But you know what? Despite some of the performances – especially Brian Donlevy’s and the movie’s production values, I did not like “BARBARY COAST”. Not one bit. There were at least two reasons for this dislike. One, I was not that fond of Omar Kiam’s costume designs – namely the ones for Miriam Hopkins. The problem with her costumes is that Kiam seemed incapable of determining whether the movie is set in 1850 or 1935. Honestly. A peek at the costume worn by the actress in the image below should convey the contradicting nature of her costume:

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The other . . . and bigger reason why I disliked “BARBARY COAST” is that the plot ended up disappointing me so much. This movie had the potential to be one of the blockbuster costume dramas shown in movie theaters during the mid-to-late 1930s. If only Joseph Breen and the Censor Board had allowed the filmmakers to somewhat follow Asbury’s book and explore the colorful history of San Francisco from the mid-1840s to the California Gold Rush period of the early-to-mid 1850s. Despite the colorful opening featuring Mary Rutledge’s arrival in San Francisco and the subplot about the Louis Chamalis-Colonel Cobb conflict, “BARBARY COAST” was merely reduced to a 90 minute turgid melodrama about a love triangle between a gold digger, a villain with a penchant for being a drama queen, and stiff-necked gold miner and poet who only seemed to come alive in the company of his crotchety companion. To make matters worse, the movie ended with Mary and Jim Carmichael floating around San Francisco Bay, hidden by the darkness and fog, while evading the increasingly jealous Chamalis, before they can board a clipper ship bound for the East Coast. I mean, honestly . . . really?

I have nothing else to say about “BARBARY COAST”. What else is there to say? Judging from the numerous reviews I have read online, a good number of people seemed to have a high regard for it. However, I simply do not feel the same. Neither director Howard Hawks; screenwriters Ben Hetch and Charles MacArthur; and a cast led by Miriam Hopkins, Edward G. Robinson and Joel McCrea could prevent me from feeling only disappointed. Pity.

“STAGECOACH” (1939) Review

Below is my review of the 1939 classic, “STAGECOACH”, which was directed by John Ford: 

“STAGECOACH” (1939) Review

The year 1939 is regarded by many film critics and moviegoers as the best year for Hollywood films. According to them, Hollywood was at the height of its Golden Age, and this particular year saw the release of an unusually large number of exceptional movies, many of which have been honored as memorable classics when multitudes of other films of the era have been largely forgotten. I do not harbor the same view as these critics and moviegoers. I can only view at least a handful of 1939 movies as truly worthwhile movies. However, one of those movies happened to be John Ford’s 1939 classic, ”STAGECOACH”

Written by Dudley Nichols and Ben Hecht, ”STAGECOACH” was an adaptation of Ernest Haycox’s 1937 short story, ”The Stage to Lordsburg”. It told the story of a group of strangers in 1880, traveling by stagecoach through dangerous Apache territory from Tonto in the Arizona Territory to Lordsburg in New Mexico Territory. Among the group of people traveling together are:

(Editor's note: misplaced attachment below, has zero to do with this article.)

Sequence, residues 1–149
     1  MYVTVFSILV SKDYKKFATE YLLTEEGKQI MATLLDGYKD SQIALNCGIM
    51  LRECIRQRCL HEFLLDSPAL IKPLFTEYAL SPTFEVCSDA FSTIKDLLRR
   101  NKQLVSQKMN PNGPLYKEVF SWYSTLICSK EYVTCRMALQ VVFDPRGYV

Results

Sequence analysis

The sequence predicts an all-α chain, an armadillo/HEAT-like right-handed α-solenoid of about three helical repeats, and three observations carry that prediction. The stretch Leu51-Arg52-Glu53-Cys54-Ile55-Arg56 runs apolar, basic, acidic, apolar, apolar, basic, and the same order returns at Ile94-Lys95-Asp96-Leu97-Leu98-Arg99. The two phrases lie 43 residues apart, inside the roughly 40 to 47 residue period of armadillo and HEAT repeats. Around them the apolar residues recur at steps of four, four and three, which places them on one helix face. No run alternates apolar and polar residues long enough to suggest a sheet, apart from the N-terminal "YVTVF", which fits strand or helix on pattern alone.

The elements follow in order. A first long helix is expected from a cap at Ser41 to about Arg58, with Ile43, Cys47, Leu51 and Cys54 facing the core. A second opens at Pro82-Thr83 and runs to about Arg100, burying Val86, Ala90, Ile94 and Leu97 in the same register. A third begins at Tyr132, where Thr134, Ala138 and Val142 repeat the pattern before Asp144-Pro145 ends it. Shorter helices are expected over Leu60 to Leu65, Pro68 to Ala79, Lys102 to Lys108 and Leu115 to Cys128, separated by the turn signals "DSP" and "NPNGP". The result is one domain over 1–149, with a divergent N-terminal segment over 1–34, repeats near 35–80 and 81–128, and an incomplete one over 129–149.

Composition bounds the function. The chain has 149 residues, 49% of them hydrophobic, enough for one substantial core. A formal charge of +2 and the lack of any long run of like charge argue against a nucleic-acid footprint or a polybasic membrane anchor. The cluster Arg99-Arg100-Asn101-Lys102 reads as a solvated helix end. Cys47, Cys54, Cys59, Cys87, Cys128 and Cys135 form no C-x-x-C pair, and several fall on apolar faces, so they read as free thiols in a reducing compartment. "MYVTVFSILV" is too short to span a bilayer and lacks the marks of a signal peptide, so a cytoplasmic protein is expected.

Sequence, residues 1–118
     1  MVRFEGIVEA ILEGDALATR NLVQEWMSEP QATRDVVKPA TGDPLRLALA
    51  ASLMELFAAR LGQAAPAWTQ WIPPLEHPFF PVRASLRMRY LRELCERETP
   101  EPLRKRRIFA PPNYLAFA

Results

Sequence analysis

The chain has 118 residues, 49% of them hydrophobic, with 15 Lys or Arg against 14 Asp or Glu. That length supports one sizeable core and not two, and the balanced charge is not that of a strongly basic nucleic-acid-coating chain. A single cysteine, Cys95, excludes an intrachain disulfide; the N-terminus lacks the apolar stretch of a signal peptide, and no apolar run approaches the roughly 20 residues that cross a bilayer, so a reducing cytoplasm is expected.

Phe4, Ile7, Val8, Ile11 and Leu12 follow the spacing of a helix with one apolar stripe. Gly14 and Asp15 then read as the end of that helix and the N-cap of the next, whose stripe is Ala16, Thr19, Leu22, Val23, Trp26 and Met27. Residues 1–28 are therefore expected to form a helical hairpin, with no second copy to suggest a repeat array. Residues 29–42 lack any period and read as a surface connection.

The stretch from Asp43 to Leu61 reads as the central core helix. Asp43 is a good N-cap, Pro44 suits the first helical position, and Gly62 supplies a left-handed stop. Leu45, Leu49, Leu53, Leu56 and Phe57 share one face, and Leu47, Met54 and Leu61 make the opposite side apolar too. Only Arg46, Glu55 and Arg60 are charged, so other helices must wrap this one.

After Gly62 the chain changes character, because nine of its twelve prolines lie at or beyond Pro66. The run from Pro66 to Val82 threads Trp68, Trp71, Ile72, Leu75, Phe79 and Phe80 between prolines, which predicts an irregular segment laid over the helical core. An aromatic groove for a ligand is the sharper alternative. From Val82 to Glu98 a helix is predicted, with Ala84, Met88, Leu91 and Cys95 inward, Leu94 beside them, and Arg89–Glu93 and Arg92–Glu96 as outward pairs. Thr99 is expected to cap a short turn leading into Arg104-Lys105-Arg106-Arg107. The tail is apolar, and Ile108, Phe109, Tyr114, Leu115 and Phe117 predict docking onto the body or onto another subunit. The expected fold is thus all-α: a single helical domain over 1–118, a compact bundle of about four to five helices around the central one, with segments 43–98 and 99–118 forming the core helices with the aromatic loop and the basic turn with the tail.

*Dallas (Claire Trevor) – a prostitute who is being driven out of Tonto by the members of the “Law and Order League”

*”Doc” Boone (Thomas Mitchell) – an alcoholic doctor who is also being driven out of Tonto

*Lucy Mallory (Louise Platt) – a pregnant, Virginia-born gentlewoman who is traveling to Dry Fork to reconcile with her Army officer husband

*Samuel Peacock (Donald Meek) – a mild mannered whiskey drummer from Kansas City

*Hatfield (John Carradine) – a former Virginia Confederate-turned-gambler, who joins the stagecoach’s other passengers in order to provide protection for Mrs. Mallory

*Henry Gatewood (Berton Churchill) – a pompous banker who decides to leave Tonto after embezzling some of the bank’s funds

*Marshal Curly Wilcox (George Bancroft) – a lawman who decides to serve as the stagecoach’s shotgun guard after learning the escape of Ringo Kid from the territorial prison.

*Buck (Andy Devine) – the slightly nervous stage driver

As the stagecoach starts to pull out, U.S. cavalry Lieutenant Blanchard (Tim Holt) informs the passengers that Geronimo and his Apaches are on the warpath. His small troop will provide an escort until they get to Dry Fork. Along the way, they come across the Ringo Kid, whose horse had become lame and left him afoot. Ringo had escaped from prison after learning that his family’s killers – Luke Plummer (Tom Tyler) and his brothers – are in Lordsburg. Even though they are friends, Curly has no choice but to take Ringo into custody.

Although ”STAGECOACH” was an adaptation of Haycox’s short story, John Ford had claimed that the inspiration in expanding the movie beyond the barebones plot given in “The Stage to Lordsburg” was his familiarity with Guy de Maupassant’s 1880 short story set during the Franco-Prussian War called “Boule de Suif”. Many film critics never took Ford’s claim seriously. Instead, many of them believed that ”STAGECOACH” bore a stronger resemblance to Bret Harte’s 1892 short story, “The Outcasts of Poker Flat”.